Hispanic-owned businesses take center stage.
The histories, cultures and contributions of the Latinx community in America bring diverse insight into everything we do as a country. This is a community filled with positivity and a hard-working attitude that pushes for change and acceptance. For Hispanic Heritage Month, we want to recognize the Latinx small business owners who are constantly advocating and inspiring their friends, families and communities. Even though we are taking the month to shine the light on these business owners, we want to emphasize the importance of shopping and supporting Hispanic-owned small businesses throughout the year. #HispanicOwnedBusiness
Catalina Tellez Hopkins (She/Her)
Catalina Straps & Bags, San Francisco
Growing up in Colombia gave Catalina the opportunity to witness a culture passed down from generations. The handmade mochilas, or sack-like handbags, inspired her to create different products with the woven patterns and straps she had become accustomed to seeing.
Catalina Straps & Bags creates unique products to carry your yoga mat, water bottle, guitar, and more. Each product is handmade by the indigenous artisans of the Wayuu tribe in Colombia. To make a positive social and environmental impact, a percentage of each purchase goes back to the makers and their community, as well as investing in tree planting.
“It’s part of Hispanic culture to value community and supporting each other. We’re very resilient, creative, optimistic and respectful as a culture.”
Ché Morales (He/Him)
The Online.Gallery, NYC
Ché is no stranger to the art world. He works as an independent curator doing about 4-5 gallery shows a year in LA, New York and Miami. However, when the pandemic hit, he wanted to find a new way to bring art to the public. That’s when he created The Online.Gallery, or the OG for short.
The OG is a digital magazine that helps demystify art and give access to people who may be unfamiliar with it. His online gallery also gave artists an opportunity to not only share their work but their processes, side projects and more. The OG brings a community of art lovers together in a space that feels more open and accepting.
“As long as what you’re doing has purpose and meaning, you can be in the magazine and I want people to think that the magazine is accessible to everyone. It’s not just for high-end art people, but for anyone that wants to be creative in any sense.”
Susana Zazueta (She/Her)
Discoverlist, LA & Brooklyn, NY
With a background in brand management and a passion for travel, Susana wanted to find a way to share tips from her travels with her friends. In 2017, she turned her desire to share experiences into Discoverlist, an app that allows you to share your travel recommendations easily with friends through text, email and social media.
Discoverlist isn’t your ordinary travel app. Susana has partnered with over 24 tourism boards to include their recommendations for their countries as well as their COVID requirements. So, if you’re planning your next trip, get inspired through photos, videos and suggestions on Discoverlist. Download the app on iOS here.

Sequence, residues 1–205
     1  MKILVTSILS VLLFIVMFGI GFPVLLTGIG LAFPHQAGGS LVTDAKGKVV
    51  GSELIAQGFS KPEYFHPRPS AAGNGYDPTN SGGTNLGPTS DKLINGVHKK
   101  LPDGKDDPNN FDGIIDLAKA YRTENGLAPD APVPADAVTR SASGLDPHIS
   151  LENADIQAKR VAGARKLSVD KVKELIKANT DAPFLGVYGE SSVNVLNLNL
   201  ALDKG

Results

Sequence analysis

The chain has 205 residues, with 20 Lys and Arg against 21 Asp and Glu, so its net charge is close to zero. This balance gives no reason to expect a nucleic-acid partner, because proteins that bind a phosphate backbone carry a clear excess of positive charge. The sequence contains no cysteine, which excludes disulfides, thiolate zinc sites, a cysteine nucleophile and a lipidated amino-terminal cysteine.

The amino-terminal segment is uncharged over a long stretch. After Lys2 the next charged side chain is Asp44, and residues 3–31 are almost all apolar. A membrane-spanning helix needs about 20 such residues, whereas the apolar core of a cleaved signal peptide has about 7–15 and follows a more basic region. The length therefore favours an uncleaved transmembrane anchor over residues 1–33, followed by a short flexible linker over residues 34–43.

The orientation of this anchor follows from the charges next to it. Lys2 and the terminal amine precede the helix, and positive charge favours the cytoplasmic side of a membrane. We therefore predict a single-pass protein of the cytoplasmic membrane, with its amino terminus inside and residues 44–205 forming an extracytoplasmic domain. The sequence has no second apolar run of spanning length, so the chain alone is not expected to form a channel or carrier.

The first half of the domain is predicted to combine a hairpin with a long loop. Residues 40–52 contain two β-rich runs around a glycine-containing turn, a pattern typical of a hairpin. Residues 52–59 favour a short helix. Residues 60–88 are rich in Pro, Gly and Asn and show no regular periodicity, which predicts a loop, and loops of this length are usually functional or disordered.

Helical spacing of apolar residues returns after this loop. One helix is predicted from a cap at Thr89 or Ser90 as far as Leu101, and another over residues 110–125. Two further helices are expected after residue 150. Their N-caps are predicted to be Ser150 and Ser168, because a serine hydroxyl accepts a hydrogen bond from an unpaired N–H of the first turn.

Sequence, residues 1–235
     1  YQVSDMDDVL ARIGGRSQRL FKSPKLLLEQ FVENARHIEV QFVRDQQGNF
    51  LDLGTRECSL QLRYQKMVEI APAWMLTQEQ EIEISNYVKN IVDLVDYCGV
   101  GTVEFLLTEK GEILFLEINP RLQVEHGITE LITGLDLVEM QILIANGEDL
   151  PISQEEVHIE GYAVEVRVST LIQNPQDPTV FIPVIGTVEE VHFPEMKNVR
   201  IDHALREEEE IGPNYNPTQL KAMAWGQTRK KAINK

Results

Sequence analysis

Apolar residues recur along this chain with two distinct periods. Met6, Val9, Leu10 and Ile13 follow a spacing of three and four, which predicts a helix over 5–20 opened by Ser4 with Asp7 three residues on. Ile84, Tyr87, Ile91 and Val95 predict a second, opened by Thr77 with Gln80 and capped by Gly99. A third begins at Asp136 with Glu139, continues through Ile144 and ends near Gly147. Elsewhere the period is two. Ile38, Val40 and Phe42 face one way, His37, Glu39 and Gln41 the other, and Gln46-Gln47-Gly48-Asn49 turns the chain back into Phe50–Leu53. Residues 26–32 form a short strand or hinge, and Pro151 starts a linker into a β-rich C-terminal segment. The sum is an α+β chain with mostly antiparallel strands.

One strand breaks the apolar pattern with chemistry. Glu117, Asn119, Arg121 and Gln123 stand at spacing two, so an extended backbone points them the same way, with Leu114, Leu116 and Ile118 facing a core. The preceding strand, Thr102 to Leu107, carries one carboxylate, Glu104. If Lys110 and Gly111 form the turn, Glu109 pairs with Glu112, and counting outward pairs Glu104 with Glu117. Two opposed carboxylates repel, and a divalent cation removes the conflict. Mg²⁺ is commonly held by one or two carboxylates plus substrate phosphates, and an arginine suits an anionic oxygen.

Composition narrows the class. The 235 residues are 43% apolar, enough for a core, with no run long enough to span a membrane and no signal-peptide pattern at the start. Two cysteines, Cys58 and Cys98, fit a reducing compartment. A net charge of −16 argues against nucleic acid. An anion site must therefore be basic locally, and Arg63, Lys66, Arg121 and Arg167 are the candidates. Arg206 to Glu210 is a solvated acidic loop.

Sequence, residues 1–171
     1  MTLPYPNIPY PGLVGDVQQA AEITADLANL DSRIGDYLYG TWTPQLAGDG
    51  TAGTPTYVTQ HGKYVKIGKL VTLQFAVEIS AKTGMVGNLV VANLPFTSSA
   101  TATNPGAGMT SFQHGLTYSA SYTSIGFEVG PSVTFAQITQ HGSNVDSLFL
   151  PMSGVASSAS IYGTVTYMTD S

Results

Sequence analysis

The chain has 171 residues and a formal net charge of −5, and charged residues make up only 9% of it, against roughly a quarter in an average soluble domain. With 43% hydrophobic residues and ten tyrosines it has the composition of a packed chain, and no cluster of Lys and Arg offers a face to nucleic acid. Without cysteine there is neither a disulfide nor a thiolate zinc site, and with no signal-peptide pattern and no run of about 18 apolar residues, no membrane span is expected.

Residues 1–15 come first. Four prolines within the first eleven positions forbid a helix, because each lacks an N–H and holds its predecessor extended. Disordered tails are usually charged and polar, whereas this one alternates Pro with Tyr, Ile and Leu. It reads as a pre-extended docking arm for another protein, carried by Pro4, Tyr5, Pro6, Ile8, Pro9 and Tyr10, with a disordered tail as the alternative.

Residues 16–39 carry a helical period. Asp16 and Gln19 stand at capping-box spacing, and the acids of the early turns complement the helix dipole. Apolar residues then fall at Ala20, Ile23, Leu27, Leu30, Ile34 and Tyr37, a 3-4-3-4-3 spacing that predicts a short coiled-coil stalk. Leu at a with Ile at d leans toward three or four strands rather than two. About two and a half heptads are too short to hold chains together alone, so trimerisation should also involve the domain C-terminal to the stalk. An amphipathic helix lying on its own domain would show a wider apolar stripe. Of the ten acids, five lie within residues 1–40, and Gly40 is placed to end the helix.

“As Latinos, we are known to be hard-working. When we pair that hard work with our aspiration, vision and dream of building a new business venture, the possibilities are endless. When you pair hard work with anything, great things will happen.”
Coco Fernandez (He/Him)
Kat Fernandez (She/Her)
MoBar Cuts, Boston
In 2016, Coco came home one day and said to Kat that he was quitting his job, buying a truck and cutting hair out of it. Within two years, MoBar Cuts, a mobile barber shop, started gaining popularity. By 2019, they opened their brick-and-mortar space with the same name.
With the expansion of their business, their clientele and their experience, Coco and Kat wanted to bring what they learned to other Hispanic barbershops. For them, helping others succeed was part of their vision.At the same time, they are constantly helping their community through youth programs, free haircuts and more.
“We do stuff every single day that impacts people in and outside of our city and the entire city of Boston. I deal a lot with basketball and sports, and with that, I offer time to youth programs.”
Stoney Love (She/He/They)
Stuzo Clothing, LA
As an Afro-Latin part of the LGBTQ+ community, Stoney has used her collective experiences to create meaning in everything she does. From acting, graphic design, photography, writing and more, Stoney is a true renaissance woman.
What started as a senior project for her BFA ingraphic design, Stuzo has now become a more than decade-old business creating gender-free clothing. Their motto “Live Your Truth” embodies Stoney’s kind heart and pushes everyone to stay true to who they are, no matter where you come from or how you identify.
“Go within and ask yourself, how do you want to show up? And don’t worry about what it looks like to other people. It’s about what it looks like to you because only you can do it. Live it truthfully and honestly, and you really can’t fail at all.”